Foundation’s (OSF) Distributed Computing Environment (DCE), and then
in Microsoft Windows platforms.

So now we know that the GUID is a value which should be unique (there is not such thing as a guaranteed unique since there is no central authority). So lets check how the GUID is built and why this entry is needed.

Structure of a GUID

Lets look at a sample GUID ED7BA470-8E54-465E-825C-99712043E01C. Here there is a small difference between the UUID and the GUID specification, but it does not change anything. Both start using one 32bit Unsigned Integer followed by two 16bit Unsigned Integers. Then the UUID is specified as two 8bit Unsigned Integers followed by 6 bytes. Where as the GUID is specified as 8 bytes. But it does nothing to change the problem or the solution so lets leave it as 8 bytes.

The problem

RFC4122 specifies that the GUID must be precented as big endian but Intel processors are little endian. This is where the problem comes from. There are some applications that read the GUID in little endian format and store it as a string which does not do the little to big endian conversion by magic. In these cases you need to use a cmdlet as mine to convert between the endian formats. [Read more…]

Get the SID of all domains in a forest

I got a request from a system owner what was the SID of the domain since their license was bound to the domain SID. The Domain SID is not really that is going to change and its really unlikely that anyone will collide with yours, so not really a bad choice.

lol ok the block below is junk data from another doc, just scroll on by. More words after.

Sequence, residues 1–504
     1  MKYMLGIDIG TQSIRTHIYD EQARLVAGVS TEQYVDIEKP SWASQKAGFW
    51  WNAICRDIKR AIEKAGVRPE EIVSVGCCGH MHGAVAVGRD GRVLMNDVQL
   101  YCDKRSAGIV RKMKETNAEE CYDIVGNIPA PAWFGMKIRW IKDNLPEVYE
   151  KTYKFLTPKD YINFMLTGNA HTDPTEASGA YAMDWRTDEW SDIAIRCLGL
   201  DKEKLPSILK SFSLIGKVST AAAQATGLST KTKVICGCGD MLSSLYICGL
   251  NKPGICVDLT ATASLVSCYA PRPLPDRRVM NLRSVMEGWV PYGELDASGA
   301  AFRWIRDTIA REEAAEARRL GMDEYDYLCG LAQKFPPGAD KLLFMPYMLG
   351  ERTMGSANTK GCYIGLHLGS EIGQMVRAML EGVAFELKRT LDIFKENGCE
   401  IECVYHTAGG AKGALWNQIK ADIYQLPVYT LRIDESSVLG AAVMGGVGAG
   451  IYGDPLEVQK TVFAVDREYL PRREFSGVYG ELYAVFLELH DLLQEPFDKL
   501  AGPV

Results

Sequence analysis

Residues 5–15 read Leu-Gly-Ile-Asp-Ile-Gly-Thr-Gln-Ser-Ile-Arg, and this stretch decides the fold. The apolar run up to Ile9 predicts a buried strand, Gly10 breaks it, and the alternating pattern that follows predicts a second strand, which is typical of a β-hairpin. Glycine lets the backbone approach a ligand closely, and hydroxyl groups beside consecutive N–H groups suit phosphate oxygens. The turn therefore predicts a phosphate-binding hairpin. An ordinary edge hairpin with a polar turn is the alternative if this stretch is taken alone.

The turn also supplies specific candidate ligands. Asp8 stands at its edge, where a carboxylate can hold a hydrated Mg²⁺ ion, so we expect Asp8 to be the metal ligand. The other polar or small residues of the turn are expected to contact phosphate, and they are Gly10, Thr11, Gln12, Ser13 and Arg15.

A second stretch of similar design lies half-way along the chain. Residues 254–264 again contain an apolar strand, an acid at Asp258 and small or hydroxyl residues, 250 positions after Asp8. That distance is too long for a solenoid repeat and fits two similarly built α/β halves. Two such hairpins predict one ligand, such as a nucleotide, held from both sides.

Anyways if you have the Active Directory Powershell module its really easy to do this. Without the AD Powershell module its not really that hard either, but Im lazy when the three latest published versions of Windows has the modules available I feel that I can skip doing it the long way.

Lets continue with the show:

And there we go, easy as 1-2-3

Managing tombstone lifetime with AD cmdlets

So the first question might be why should I even care about this. I have heard things like “I am running Windows version xxx, so I have a tombstone life of 180 days.”. This might not be the case, the tombstone lifetime is set at the time of the promotion of the first domain controller in the forest. So okey if you have have an old forest running on a new Windows version you cant be sure that the tombstone life what you want. To make things a bit more silly, Microsoft decided during Windows 2003 to increase the value from the default of 60 days to 180 days. Jane Lewis wrote a Technet blog about this in 2006, but this is still an area where you can find forests which still run with a 60 day tombstone lifetime. Microsoft has a nice article about this, but I like powershell instead of dsquery.